Monthly Archives: April 2010

The Art of Walt Disney by Christopher Finch

This book is so much a part of my bookshelves that I hardly notice it these days. It’s a first edition hardback, a huge 13½” x 10½” x 2″ in size with an embossed Mickey Mouse on the white cloth binding, protected, to an extent, by the acetate dust cover, which is disintegrating now. It’s probably worth quite a lot, if I could bear to part with it, as the inside and binding are in fine condition.

The difficulty of scanning from such a large book

When Beryl bought it for me, in Sheffield, it was the most expensive single book I’d ever owned at, if I remember correctly, £75. And that was 1973. It’s still the second most expensive, topped only by my Times Atlas of the World. However, another edition was printed later, and copies of that can be obtained from Abe Books at a very reasonable price.

At the time, I had a fascination with making cartoon movies. I’d made a few 3-minute stop-motion movies on my B & H Sportster wind-up 8mm camera. (This was a camera you had to load with a reel of 16mm film, expose one edge, then turn the reel around by feel inside a bag and expose the other half. The result was sent to Kodak, where they developed it, split it into 2 8mm slices, and glued them end to end). Those were the last days when cartoon movies were drawn slavishly, frame by frame, onto layers of celluloid. A 3-minute movie involved 4000 individual frames! You have to look at Disney’s Snow White and the Seven Dwarves (1937) to see the quality and industry involved in an 80 minute feature. I never had the patience. I built a camera rostrum, drew backgrounds and figures, but never had the patience to complete a proper cartoon.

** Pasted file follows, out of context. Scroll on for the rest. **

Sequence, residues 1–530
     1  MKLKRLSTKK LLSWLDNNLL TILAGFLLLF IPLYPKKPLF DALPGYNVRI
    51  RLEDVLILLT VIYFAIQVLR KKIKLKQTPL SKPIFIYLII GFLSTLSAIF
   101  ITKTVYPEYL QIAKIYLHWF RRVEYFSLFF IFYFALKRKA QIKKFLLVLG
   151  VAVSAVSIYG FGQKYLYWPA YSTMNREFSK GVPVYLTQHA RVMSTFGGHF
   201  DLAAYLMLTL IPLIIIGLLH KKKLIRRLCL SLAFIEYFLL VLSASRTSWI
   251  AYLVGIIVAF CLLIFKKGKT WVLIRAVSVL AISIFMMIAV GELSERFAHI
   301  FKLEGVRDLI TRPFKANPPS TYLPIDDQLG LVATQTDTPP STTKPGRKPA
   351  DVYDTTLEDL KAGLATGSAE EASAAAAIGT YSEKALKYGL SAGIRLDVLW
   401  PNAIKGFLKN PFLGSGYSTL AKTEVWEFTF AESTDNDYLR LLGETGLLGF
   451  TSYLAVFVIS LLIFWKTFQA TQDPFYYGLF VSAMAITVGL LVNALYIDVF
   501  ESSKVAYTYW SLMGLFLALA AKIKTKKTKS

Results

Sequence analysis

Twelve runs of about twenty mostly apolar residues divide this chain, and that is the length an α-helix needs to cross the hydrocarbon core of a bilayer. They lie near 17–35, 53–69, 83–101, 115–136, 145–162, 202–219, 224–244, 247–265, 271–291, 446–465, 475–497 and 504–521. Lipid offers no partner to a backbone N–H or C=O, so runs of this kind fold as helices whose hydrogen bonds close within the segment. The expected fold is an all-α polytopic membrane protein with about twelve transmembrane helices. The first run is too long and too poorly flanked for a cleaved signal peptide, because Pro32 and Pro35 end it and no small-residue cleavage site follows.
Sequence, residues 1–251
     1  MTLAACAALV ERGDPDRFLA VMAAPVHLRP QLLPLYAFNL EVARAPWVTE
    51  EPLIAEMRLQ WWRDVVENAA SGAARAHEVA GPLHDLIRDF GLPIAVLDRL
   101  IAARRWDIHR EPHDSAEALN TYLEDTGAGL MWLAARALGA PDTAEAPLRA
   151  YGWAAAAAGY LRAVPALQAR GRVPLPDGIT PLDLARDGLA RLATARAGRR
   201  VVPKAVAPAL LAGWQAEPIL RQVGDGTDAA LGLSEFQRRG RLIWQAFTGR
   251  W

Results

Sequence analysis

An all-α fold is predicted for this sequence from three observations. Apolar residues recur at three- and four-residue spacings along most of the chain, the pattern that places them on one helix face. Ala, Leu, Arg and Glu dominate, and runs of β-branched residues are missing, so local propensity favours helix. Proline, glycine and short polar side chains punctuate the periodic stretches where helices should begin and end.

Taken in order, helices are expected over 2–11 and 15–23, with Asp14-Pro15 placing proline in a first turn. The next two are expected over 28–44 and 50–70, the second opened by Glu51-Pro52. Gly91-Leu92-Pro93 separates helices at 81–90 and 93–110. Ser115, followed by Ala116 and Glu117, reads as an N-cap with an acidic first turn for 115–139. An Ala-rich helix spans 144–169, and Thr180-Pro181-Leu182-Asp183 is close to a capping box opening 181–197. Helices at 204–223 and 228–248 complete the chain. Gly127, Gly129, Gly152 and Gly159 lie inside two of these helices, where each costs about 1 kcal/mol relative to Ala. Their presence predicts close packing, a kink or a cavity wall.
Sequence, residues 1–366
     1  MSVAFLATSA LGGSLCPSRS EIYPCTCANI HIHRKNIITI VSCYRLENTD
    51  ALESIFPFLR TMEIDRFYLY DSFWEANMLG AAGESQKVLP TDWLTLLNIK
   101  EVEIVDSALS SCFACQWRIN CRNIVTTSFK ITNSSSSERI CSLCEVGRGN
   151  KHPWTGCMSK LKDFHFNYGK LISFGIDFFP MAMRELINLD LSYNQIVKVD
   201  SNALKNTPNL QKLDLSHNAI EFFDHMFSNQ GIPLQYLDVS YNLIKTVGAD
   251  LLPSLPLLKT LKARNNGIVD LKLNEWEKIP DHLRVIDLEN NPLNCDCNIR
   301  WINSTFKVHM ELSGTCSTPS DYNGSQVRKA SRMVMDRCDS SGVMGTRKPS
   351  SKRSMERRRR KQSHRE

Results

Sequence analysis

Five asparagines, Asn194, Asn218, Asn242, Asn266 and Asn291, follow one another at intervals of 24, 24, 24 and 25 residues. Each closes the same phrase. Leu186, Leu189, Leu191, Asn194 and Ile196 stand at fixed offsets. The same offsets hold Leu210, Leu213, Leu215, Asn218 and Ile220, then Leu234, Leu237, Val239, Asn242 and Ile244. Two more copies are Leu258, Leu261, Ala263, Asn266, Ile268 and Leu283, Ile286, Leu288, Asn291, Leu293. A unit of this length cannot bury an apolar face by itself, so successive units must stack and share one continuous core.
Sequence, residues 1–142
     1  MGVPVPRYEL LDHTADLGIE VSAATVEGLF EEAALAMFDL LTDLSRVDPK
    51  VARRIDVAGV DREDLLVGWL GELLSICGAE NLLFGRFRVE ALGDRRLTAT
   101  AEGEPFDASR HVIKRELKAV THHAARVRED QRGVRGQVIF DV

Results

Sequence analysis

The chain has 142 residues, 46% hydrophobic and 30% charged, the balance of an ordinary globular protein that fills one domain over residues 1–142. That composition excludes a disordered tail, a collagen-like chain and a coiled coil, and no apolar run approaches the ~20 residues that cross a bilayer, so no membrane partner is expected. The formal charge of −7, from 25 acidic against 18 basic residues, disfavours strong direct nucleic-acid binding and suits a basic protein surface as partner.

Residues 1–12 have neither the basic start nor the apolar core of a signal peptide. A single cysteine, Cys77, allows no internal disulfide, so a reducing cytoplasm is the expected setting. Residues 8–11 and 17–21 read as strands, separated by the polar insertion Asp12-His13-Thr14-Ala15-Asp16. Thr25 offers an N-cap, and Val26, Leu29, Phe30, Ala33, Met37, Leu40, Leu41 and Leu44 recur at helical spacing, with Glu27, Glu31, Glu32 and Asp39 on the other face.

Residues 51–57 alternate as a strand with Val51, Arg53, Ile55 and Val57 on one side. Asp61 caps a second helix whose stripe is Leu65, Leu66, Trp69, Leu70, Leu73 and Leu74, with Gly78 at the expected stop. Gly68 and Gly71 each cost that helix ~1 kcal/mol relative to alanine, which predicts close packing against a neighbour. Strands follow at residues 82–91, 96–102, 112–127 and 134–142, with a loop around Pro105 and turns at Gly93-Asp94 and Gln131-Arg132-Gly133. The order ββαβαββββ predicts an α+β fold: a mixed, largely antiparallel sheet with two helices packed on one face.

In a way, this book took away my enthusiasm for making animations by showing how excellent Walt Disney Studios were when Walt himself was in charge. There are hundreds of high quality full-colour illustrations of storyboards, backgrounds, characters and designs. The book charts the history of Walt Disney’s enterprise from its earliest start, through the short and feature-length cartoons and early live action and documentary movies until the beginnings of the Disneyland and Disney World projects. The modern image of the Disney Corporation, with its accountants, lawyers, acquisition financiers and copyright crusaders, is a far cry from Walt Disney’s vision. Disney himself tended to micro-manage his projects, his influence on the whole output of the Studios is visible, and I regard him as entirely admirable (though he gets a black mark from me for accusing some fellow artists during the McCarthy witch hunts).

The book concentrates on the actual ideas and images that reached the screen. It really does try to spotlight the art and craft of the movies. More than half of the book is, rightly, dedicated to the animations. Looking through those, you can see that the quality and detail of the animations far exceeds their rivals at the time. While the acquisition of Pixar has revived their animation credentials, in my own mind, the period of Disney’s artistic superiority fades after Walt himself died in 1966.

The following are just a few tasters:

A fold-out page for The Three Little Pigs

Design for Snow White

Pencil sketch for the dwarves' mine in Snow White

Sketch for the scene where the dwarves discover Snow White

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